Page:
weak el nino year possible for 2014
Monday, February 10, 2014 at 9:20
Eric in mexico, pacific crossing, weather

I just spent the last hour combing through forecast models and am slightly bummed to find out that there is a better-than-zero chance of a weak El Nino event happening in the middle of 2014.

2/6/2014 - (Reuters) - U.S. weather forecaster Climate Prediction Center (CPC) said on Thursday there was an increasing chance of the El Nino weather pattern after expecting neutral conditions through the Northern Hemisphere spring 2014.

That represented a change from the CPC's previous outlook of neutral conditions through summer 2014.

In its monthly report, the CPC maintained its outlook that El Nino was unlikely through the spring, but noted that a change in temperatures "portend warming in the coming months."

The good news about that is three fold:

1) It's possible that no El Nino conditions will happen at all.

2) If an El Nino does happen in 2014, it looks to be weak. 

3) If an El Nino does happen in 2014, it looks to happen in the summer time which although still not great for Pacific sailors at least leaves the big Americas->French Polynesia route relatively untouched. 

Reading through the NOAA forecasts you really a strong taste of all the phrases like "might", "could", "possibly", "waiting on data", "still being determined", etc. If you peel back the layers further you'll see that budget cuts to oceanographic warning systems have been chiefly responsible for the lack of finality in recent forecasts.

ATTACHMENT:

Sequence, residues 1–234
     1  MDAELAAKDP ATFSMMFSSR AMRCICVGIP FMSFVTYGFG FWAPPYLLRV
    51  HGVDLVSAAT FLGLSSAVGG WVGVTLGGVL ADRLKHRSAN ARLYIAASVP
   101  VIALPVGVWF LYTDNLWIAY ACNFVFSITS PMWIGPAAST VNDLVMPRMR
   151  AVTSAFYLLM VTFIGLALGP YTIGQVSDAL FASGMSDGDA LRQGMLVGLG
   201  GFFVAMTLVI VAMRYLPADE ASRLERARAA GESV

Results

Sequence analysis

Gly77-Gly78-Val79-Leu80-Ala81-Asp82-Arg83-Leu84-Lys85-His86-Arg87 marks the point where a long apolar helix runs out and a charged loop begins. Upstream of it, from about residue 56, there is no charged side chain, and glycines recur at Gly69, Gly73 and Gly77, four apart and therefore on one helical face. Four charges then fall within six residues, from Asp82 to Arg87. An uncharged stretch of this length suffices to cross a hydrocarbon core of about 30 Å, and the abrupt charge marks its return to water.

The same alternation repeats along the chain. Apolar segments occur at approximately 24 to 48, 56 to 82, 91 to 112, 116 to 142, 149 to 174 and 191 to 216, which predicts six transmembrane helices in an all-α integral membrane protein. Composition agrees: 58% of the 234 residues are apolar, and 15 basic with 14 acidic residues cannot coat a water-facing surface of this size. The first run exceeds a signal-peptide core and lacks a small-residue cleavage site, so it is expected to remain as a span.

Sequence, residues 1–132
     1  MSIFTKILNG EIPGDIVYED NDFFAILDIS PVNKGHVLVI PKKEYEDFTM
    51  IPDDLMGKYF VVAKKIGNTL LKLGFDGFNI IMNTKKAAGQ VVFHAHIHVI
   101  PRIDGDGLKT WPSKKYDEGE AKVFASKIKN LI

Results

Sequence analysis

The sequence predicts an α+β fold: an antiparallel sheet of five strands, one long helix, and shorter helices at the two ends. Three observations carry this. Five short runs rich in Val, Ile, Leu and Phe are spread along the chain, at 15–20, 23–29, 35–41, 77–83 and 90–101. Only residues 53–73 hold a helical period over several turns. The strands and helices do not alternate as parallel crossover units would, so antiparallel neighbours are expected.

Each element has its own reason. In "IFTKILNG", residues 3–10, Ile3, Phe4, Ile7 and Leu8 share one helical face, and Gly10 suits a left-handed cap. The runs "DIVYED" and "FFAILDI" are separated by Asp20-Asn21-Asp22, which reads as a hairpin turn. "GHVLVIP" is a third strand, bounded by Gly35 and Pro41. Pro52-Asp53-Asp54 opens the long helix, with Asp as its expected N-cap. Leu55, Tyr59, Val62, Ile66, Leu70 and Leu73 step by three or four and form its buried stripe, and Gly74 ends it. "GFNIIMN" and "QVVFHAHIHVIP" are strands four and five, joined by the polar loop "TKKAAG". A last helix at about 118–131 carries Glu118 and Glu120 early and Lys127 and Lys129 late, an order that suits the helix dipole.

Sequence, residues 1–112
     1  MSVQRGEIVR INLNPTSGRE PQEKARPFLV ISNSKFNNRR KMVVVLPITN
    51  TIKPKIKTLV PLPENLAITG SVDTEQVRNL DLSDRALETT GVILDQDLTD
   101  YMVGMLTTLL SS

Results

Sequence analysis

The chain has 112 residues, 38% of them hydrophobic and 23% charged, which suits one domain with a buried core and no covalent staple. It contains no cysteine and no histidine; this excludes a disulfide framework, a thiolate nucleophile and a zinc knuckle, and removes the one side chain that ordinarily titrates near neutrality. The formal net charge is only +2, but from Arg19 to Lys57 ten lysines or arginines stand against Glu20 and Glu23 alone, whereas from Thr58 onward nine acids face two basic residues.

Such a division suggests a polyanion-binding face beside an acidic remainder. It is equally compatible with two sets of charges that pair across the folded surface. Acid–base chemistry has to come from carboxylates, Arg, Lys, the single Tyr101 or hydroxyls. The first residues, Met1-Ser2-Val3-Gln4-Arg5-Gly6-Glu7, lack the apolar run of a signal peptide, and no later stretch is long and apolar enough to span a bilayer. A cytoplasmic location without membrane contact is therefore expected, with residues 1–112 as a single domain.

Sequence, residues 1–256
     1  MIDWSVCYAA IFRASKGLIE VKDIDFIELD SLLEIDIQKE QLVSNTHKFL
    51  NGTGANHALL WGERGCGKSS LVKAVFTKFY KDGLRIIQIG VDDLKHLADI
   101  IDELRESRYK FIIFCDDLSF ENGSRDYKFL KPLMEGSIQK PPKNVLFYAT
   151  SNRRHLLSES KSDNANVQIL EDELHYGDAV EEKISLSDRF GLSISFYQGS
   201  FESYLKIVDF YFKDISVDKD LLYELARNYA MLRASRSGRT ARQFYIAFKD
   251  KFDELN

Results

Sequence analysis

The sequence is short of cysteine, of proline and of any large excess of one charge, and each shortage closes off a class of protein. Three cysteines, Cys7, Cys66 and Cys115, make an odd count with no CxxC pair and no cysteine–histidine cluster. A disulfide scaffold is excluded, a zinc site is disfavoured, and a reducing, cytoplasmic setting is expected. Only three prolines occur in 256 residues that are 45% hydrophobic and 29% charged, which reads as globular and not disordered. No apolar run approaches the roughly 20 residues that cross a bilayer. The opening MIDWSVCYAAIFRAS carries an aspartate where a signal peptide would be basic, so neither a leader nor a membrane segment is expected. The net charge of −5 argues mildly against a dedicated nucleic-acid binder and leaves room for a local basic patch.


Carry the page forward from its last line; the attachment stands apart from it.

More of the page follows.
Apparently the $3,000,000 USD needed to fix NOAA's buoys was simply not available. To put in context, that's the cost of two Tomahawk missiles. I don't think it's a reach to argue that knowledge of global weather patterns that affect crop production, transportation, and so much else might be slightly relevant than what two cruise missiles can accomplish. In 1998, damage from El Nino weather conditions caused over twenty five billion dollars in losses to the US economy. 

 

Update on Monday, February 10, 2014 at 9:41 by Registered CommenterEric

So what this means for us, knowing that the trade winds will (maybe) diminish in their power by mid summer, is that our hope to get out of Mexico sooner rather than later is still viable. We want to get out of here as soon as the northerly trades strengthen sufficiently. If we play our cards right by the time El Nino conditions really start to materialize, if they do at all, we'll be outbound from French Polynesia with the biggest stretches of water behind us.

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